Barley growing in a field

The Cereal Pathogen Resistance Allele Database (CPRAD) catalogues information on the pathogen resistance alleles reported to be found in genotypes of barley.

The Cereal Pathogen Resistance Allele Database (CPRAD) catalogues information on the pathogen resistance alleles reported to be found in genotypes of barley. It is fully searchable on a range of criteria and initial query results are displayed in a table. From this table you can link to the reference or to a pedigree chart with all that is known about the inheritance of the selected allele. It can also show all that is known about all pathogen resistance alleles in any of the genotypes in the pedigree chart.

On the main query page, selecting each criterion causes a refresh of the remaining criteria so that, for example, selecting pathogen – Rhynchosporium you can only see the Rhynchosporium resistance allele list, only barley, only those genotypes with Rhynchosporium data etc.

In many cases genotypes have not been characterised for their resistance allele. Information about many pedigrees is also unknown, or not in the public domain. Whilst we try to correct as much data as possible, we have created a: ‘Correct or contribute new data’ link leading to a general input page and ‘Add a variety’ or ‘Report incorrect variety’ options and subsequent ‘Add allele details’ forms so that anyone can add further information to the database. Submissions will be moderated through a further administrators interface before inclusion in the database.

The visualization of where alleles may originate from can lead to inferences about intermediate parents leading to enhancement of their value as a germplasm resource.

Examples: check ‘Prisma’ for multiple resistance alleles. Select ‘Chariot’ pedigree with the show all alleles in pedigree to 6 levels options selected. ‘Chariot’ could have Mla6 and Ml(La) through its ‘CSB626/12′ parent and Mla12, Mla7, Ml(Ab) and Ml(Tr3) through its Dera parent. Click the selected genotype hypertext link to display the probabilities that these and other alleles present in the pedigrees are expressed in the genotype. In this way, probabilities that these genes are present in Chariot but are masked by the mlo allele, and therefore implications about its durability, can be assessed. Check also ‘Chalice’ which had ‘Chariot’ as one of its parents, the other parent being ‘Cooper x NFC514/5’, bringing in even more possible alleles.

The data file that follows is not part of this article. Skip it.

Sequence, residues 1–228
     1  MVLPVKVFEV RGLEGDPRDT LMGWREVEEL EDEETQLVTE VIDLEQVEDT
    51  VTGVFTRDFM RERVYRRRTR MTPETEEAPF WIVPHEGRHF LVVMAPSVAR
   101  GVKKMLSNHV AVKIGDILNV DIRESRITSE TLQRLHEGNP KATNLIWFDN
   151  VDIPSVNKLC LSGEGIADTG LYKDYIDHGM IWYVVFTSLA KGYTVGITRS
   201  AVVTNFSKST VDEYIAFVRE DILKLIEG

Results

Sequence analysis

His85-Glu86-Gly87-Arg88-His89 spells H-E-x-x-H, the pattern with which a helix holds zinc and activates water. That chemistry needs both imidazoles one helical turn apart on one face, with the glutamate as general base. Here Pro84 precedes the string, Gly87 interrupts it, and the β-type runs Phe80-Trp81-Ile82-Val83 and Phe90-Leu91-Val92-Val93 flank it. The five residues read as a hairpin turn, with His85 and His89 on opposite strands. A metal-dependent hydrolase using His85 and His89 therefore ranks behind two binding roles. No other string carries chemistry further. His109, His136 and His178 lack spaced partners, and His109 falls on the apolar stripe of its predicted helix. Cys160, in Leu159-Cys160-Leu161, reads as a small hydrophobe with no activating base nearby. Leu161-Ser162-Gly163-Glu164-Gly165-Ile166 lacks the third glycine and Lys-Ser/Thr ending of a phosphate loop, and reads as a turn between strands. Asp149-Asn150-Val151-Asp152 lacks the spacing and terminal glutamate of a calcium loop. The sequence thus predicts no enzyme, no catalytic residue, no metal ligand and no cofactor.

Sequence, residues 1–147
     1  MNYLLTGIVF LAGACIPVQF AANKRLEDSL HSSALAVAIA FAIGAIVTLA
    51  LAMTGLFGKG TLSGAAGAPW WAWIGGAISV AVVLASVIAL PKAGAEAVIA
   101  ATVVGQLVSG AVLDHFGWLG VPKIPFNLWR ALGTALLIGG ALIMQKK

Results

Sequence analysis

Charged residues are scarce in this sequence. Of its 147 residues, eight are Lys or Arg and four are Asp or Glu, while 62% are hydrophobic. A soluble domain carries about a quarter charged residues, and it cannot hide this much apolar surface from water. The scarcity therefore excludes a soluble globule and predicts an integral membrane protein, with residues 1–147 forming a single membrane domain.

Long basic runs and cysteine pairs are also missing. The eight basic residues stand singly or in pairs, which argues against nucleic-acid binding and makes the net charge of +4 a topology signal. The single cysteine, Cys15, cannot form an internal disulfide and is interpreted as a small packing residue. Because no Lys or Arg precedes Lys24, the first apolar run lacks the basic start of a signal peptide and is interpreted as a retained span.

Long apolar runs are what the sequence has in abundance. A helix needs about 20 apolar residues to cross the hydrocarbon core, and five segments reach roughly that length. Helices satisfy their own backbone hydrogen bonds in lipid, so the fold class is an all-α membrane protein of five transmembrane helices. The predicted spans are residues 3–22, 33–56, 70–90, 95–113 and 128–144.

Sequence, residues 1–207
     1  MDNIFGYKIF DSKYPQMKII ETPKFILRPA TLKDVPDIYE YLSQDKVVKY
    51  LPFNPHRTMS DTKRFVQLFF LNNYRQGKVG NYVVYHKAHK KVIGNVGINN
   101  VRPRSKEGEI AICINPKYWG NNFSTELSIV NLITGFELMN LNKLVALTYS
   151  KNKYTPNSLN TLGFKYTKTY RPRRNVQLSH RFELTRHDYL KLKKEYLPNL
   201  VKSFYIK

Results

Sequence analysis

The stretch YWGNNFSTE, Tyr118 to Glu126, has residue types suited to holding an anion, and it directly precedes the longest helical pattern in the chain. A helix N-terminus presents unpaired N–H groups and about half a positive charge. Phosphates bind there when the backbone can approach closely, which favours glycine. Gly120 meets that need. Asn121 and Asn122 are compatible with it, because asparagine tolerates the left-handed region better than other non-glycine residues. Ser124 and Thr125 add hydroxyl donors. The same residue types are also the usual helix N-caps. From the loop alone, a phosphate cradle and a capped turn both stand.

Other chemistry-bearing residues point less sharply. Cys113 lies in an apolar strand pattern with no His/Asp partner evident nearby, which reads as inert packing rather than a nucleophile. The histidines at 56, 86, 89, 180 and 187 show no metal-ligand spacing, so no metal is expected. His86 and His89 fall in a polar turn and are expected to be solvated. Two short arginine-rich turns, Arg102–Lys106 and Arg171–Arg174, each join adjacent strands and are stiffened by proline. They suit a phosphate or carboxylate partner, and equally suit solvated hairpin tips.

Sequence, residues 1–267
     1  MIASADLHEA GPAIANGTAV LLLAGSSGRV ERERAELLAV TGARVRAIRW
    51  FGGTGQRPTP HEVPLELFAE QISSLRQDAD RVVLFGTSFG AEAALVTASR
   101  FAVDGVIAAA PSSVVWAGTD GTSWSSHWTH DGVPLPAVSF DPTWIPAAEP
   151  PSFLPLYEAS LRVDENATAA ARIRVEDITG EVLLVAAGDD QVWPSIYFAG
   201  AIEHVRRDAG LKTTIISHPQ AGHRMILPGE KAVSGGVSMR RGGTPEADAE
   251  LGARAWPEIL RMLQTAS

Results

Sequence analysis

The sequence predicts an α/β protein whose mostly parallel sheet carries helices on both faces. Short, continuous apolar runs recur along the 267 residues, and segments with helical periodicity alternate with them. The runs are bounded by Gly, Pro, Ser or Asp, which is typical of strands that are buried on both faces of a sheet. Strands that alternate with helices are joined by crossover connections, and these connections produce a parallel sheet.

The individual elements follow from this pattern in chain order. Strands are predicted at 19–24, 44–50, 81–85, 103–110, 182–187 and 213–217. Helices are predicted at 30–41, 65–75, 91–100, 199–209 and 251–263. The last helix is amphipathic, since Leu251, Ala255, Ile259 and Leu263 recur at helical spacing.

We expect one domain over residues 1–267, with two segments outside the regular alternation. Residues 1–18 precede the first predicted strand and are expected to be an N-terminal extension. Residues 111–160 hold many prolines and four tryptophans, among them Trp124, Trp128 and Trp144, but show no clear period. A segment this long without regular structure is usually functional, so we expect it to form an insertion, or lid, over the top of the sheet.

These analyses highlighted the need for more, and accurate pedigree and resistance allele data.

Current database:

  • total number of host genotypes: 1,500 (nearly all barley)
  • total number resistance alleles: 122
  • total number references: 64
  • pathogen resistance: mostly mildew and some Rhynchosporium.

Development targets originally included wheat and oats host genotypes and resistance alleles for:

  • wheat and oat powdery mildew
  • wheat and barley yellow rust
  • wheat and barley brown rust
  • Rhynchosporium on barley.

The database is built using Microsoft Access interfaced through Active Server Page programming. The work on this database project is funded through Scottish Government and a British Society for Plant Pathology Student Bursary Scheme.

Short-cut link:

UPDATE June 2023

This database resource has not been updated for some years but remains functional.

Currently, all these data are being imported into a much larger and more up-to-date barley database by Paul Shaw in the Hutton Bioinformatics group. Searching and visualisation will be provided by the Helium tool where much more data can be associated and tracked. However, specific resistance allele information is only obtainable from highly focussed studies but it is hoped that these can be incorporated as they are published.